As the laptop leapfrogs its desktop cousin to become, for many, the main (and often only) work computing device, it is not surprising to see that docking stations are becoming more popular as well.
Factor in the unstoppable, relentless drive towards thinner devices with fewer connectivity options (like the new MacBook), and you have the perfect conditions to transform docking stations into more powerful peripherals.
With that in mind, we got the Philips SB4B1928UB in for a spin. It is a monitor stand but with a big difference – it actually incorporates a fully-fledged docking station and a laptop battery charger, although that particularly useful feature is not even listed online.
Out of the (massive) box, the SB4B1928UB looks like any other monitor stand except that it has a huge base that's about 30cm in diameter. That may exclude it, de facto, from some working environments where desk surface space is at a premium.
The base is made of anthracite plastic which the silver-coloured column towers over, with an oblong hole near to its foot for cable management.
It comes already assembled which is nice; as it is pitched as a universal docking station, it won't be a surprise to see that its VESA adaptor will fit all VESA-equipped monitors smaller than 28-inch, not just Philips' ones. It even comes with the screws!
As expected, the height is adjustable thanks to a simple lever mechanism and you can not only tilt but also swivel and rotate the monitor base within seconds.
The whole thing feels sturdy and solid and adding a 28-inch monitor took just a few minutes with the right screwdriver.
The SB4B1928UB comes with a number of cables and power adaptors but, frustratingly, no power cord. You can use any standard clover-leaf/Mickey Mouse cables though as the power supply unit is integrated in the base (which partly explains why it is so big).
The rear of the device contains two flat USB 3.0 ports (including one that can charge when off), one square USB port to connect to your laptop, an HDMI connector, a 10/100 LAN port, a power connector, and a full size DisplayPort connector.
There's an extra pair of USB 3.0 ports on the sides, plus two audio connectors and an SD card slot. No lights or other connectors are present on the left hand side of the SB4B1928UB, while the front simply hosts a single status LED.
The 3.4kg USB docking stand connects to your laptop via a standard USB 3.0 port which should provide a decent amount of bandwidth. As expected, you will need to install the appropriate DisplayLink driver to get the product working (you don't need to run the bundled DVD). Once you're up and running, you can connect up to six monitors (DP, HDMI and four USB monitors) although overall performance is likely to take a big dip.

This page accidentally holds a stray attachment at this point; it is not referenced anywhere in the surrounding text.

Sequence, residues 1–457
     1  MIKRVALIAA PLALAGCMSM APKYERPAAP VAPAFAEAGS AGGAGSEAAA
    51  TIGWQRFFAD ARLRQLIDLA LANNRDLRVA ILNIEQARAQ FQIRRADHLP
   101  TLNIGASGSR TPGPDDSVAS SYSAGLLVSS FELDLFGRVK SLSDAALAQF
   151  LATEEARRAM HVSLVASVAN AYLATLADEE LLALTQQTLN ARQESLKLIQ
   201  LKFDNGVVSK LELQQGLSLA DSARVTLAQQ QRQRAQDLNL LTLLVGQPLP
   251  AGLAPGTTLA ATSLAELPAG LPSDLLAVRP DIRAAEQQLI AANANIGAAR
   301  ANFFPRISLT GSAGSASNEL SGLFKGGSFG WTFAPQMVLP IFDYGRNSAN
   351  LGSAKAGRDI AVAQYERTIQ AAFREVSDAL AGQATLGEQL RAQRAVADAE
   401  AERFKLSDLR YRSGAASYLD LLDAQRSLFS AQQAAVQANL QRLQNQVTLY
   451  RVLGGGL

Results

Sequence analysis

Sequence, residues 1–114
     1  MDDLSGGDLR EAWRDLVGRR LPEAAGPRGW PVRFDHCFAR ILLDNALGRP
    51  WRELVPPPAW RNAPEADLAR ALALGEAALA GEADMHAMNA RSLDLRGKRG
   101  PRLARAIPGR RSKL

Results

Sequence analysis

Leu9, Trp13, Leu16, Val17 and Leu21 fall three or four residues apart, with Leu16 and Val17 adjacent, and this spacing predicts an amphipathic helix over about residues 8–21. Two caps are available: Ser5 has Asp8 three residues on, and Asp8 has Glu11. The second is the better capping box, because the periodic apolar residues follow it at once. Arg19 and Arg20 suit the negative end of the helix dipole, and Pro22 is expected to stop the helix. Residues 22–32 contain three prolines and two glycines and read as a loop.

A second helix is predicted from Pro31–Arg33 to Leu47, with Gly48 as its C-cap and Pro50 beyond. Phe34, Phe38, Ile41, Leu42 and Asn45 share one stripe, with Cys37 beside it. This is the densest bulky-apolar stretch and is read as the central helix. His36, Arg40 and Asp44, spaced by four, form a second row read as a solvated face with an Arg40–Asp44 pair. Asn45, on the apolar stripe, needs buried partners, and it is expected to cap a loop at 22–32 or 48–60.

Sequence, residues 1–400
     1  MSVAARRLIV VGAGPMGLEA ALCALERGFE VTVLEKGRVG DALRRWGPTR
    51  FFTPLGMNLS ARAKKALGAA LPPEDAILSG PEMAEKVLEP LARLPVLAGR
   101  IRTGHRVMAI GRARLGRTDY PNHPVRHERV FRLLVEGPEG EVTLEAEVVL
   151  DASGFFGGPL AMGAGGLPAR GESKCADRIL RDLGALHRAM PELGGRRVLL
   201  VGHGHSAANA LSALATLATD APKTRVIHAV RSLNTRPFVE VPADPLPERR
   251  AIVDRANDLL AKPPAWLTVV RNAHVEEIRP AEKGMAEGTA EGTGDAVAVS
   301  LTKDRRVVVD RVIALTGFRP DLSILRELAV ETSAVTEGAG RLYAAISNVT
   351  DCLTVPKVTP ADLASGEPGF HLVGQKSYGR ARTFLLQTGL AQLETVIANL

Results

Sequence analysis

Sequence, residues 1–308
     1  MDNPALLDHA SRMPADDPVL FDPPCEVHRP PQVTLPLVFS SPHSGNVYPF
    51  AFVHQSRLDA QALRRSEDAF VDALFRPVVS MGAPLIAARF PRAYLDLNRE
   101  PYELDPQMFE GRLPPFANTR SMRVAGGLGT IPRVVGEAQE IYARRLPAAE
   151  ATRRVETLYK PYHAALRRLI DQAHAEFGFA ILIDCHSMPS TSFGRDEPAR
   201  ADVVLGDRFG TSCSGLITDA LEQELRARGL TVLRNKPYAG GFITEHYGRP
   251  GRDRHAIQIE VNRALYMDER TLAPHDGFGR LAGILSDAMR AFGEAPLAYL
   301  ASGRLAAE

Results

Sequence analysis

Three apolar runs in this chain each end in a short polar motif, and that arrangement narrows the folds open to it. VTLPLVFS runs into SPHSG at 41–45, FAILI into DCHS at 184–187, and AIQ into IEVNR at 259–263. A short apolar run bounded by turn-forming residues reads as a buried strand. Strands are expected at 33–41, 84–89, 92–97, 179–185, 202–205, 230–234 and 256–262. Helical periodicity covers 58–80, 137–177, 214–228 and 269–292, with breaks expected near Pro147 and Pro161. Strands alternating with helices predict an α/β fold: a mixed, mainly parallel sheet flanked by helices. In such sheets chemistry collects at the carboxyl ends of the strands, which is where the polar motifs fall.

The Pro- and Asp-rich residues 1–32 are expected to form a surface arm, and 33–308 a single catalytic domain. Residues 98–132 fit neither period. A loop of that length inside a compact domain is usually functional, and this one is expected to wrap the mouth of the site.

I did notice a slight lag moving from DP to DP-over-DisplayLink for 4K; the lag was annoying enough for me to move back to my original setup.
You can also use it to power your laptop – a very useful feature – although you will need to have a compatible device for it (19.5v, 3.42A). Note that the stand comes with a number of connectors to cater for most of the laptops on the market.
However, when I tried to connect my Dell XPS 13 (2015 edition), I was confronted with a warning message which I chose to ignore. The result was that my laptop would neither charge or discharge.
Tinkerers might find a solution in the laptop's BIOS but for the rest of us, this is an impractical solution that sadly renders one of the more useful features of this peripheral almost useless.
With an RRP of £128 (around $200, or AU$280), the docking station, which has yet to be stocked in the UK, is exceptional value for money, regardless of whether or not you use it with a 4K monitor.
Less elegant docking stations – many of which require an external power supply unit and do not charge laptops – often cost way more.
In the best case scenario, you only need to connect two cables (USB 3.0 and power) to get your laptop running, but at least you won't need your power supply unit.
Ultimately, future iterations of this product will show their full potential by adopting the USB 3.1 Type-C connector.
This port – which has been popularised by Apple via its 2015 MacBook – has the potential to deliver both power and data using one single cable, finally making good on one of the pipe dreams of the modern office desktop; one connection to rule them all.
For the rest, I would like to see a smaller base as the current one eats up a lot of desk space. It could also benefit from better cable management, and having the ports on top of the base rather than at the back. The current setup adds about 10cm at the back of the base, making access to the ports tricky.